Like all good books, your stories work on many levels. As a Sunday-afternoon read, HANNAH'S BEAU is fun, engaging, and thoroughly enjoyable. Considering your comments about the "good son," and the inspirational element springs to life. Thanks for sharing your insight.
Teryl Oswald

Anonymous said...


This was a perfect post. It spoke to me. HANNAH'S BEAU sounds like an inspiring read. :)


Julie A. Carda said...

Beautiful reminder of the abundance we are. Responsibility for our actions is a daily mantra. Thanks for the inspiration.
Julie Carda

Cheryl St.John said...

I agree with you 100% Renee. I do love that story--and I once wrote a book around the same principle of the good son who was left at home to handle the fallout in the family while the other son left to make his own way in life. It was A Husband By Any Other Name--a special edition and not an inspiratiobal, but the idea came right from those verses.

Thanks for the reminder about not only the love and redemption that is ours through Jesus, but the inheritance that is ours because we're chilren of the King.

Tracy Montoya said...

Renee, that was a beautiful blog. I haven't had much time to read, but clearly it's time to pull Hannah's Beau from the TBR pile!

Rebecca Ryan said...

What a beautiful blog! Thanks, Renee.

Renee Ryan said...

Hi Terry, you are so sweet. I love your analogy of a Sunday-afternoon read. I might have to use that in my log line. ;-)


Renee Ryan said...

Hi Lis'Anne (cool name, by the way)! So glad my post resonated. HANNAH'S BEAU isn't as heavy as my post. ;-)


Renee Ryan said...


Oh, yeah, personal responsibility is so important. I'm trying to train my 17 year old daughter in this concept before she heads off to college next year. Too bad mom "knows nothing." LOL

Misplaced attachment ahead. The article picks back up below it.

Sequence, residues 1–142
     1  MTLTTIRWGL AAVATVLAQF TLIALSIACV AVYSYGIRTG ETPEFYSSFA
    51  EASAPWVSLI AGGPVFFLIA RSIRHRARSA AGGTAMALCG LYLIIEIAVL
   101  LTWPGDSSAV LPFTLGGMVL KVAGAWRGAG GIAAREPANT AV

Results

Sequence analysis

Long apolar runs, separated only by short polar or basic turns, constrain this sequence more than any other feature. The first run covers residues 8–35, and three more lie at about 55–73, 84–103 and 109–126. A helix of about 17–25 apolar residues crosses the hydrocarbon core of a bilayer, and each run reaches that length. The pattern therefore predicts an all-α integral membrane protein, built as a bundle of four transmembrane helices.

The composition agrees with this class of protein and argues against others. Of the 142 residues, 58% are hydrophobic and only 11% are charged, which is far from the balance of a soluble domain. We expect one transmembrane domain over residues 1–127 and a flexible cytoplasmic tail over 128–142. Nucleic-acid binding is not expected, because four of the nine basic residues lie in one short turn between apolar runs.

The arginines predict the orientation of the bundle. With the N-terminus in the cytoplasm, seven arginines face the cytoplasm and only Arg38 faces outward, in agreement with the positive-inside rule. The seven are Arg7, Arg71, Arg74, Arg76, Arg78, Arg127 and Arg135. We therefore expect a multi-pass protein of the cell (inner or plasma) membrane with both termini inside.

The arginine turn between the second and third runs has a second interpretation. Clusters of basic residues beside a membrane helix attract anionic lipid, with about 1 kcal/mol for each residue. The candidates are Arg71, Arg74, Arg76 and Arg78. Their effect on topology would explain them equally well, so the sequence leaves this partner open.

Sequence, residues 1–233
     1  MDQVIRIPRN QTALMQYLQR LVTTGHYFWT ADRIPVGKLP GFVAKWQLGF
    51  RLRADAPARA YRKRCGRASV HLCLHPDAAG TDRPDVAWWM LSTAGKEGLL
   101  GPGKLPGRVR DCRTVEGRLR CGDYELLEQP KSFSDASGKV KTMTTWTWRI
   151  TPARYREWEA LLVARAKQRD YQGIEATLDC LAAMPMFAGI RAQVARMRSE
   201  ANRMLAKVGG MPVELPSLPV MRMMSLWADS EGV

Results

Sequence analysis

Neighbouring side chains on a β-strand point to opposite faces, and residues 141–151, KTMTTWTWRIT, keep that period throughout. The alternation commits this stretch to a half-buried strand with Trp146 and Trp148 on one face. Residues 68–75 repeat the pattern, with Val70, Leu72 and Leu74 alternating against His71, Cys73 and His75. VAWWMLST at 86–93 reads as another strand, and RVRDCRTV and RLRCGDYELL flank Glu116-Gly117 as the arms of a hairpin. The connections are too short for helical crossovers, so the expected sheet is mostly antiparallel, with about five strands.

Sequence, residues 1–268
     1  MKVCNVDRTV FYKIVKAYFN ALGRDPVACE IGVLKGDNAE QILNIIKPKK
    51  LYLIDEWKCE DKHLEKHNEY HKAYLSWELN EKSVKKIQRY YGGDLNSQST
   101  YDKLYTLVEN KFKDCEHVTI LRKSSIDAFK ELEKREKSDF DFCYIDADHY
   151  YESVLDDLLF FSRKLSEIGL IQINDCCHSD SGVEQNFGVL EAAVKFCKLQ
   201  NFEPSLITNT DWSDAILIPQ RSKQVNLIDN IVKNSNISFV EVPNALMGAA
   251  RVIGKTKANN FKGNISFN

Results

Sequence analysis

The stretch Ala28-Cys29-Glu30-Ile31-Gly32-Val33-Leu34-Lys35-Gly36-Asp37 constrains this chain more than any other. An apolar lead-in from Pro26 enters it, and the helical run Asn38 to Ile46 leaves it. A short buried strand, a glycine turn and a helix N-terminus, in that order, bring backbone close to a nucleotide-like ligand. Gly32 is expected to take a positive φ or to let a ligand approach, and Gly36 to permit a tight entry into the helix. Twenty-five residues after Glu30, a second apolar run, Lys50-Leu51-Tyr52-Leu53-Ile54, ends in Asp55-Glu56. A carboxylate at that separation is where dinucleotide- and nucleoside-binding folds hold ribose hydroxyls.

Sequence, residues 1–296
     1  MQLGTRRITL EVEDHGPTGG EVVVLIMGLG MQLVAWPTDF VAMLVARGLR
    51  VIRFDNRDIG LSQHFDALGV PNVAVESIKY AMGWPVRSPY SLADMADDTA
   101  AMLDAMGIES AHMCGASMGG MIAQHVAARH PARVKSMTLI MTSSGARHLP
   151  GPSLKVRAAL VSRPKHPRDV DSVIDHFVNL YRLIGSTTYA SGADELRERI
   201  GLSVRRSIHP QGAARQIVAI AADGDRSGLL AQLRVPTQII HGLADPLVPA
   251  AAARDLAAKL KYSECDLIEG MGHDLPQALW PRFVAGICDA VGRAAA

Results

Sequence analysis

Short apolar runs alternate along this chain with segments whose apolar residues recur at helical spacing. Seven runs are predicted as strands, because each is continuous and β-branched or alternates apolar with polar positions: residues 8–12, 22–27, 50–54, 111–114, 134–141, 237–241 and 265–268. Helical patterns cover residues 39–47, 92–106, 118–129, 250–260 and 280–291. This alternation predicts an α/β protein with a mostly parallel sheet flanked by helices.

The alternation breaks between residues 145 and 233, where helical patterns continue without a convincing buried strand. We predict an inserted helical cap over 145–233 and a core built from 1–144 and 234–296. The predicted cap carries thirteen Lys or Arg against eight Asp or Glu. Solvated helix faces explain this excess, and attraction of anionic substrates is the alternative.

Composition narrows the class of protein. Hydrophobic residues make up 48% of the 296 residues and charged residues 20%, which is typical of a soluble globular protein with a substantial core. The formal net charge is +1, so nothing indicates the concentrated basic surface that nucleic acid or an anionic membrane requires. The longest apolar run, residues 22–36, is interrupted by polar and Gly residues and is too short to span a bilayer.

Renee Ryan said...

Oh, Cheryl,

A Husband By Any Other Name sounds awesome. Argh, I missed that one. How long ago did it come out? I would love to see how you put this theme in a secular book.


Renee Ryan said...

Hey, Tracy, if you're anything like me that TBR pile is huge. Mothering, wifing, working and writing leaves little time for reading. Er...I think I made up a few words there. Ah well...


Renee Ryan said...

Rebecca, so glad you enjoyed the blog! ;-)


Mary Connealy said...

I like it Renee. I guess I kind of identify with that 'good' son, too.
Of course none of us have missed a few 'prodigal' episodes. Least of all me. so maybe I'm wrong to identify as I do. :)

lizzie starr said...

Wonderful thoughts Renee...We much too often fail to look beyond the parable itself to what can be the real meaning. Don't cha just love all those levels!

A Sunday afternoon read...yep, that'd make a great sig line!

Anonymous said...

Great post.
thanks aprilr

Project Journal said...

This was a really grat post! I just had my second carpal tunnel surgery today and I think that I might have to try and pick up your book to read while recovering : ) Being 17, there are so many things I could be doing, but I am perfectly content reading! Plus, I have he same name as the heroine! Lol...

Cheryl Norman said...

I thought you did a great job showing the power of forgiveness, not just in Hannah but in Beau, too. I loved the book and look forward to the next. Good post, Renee.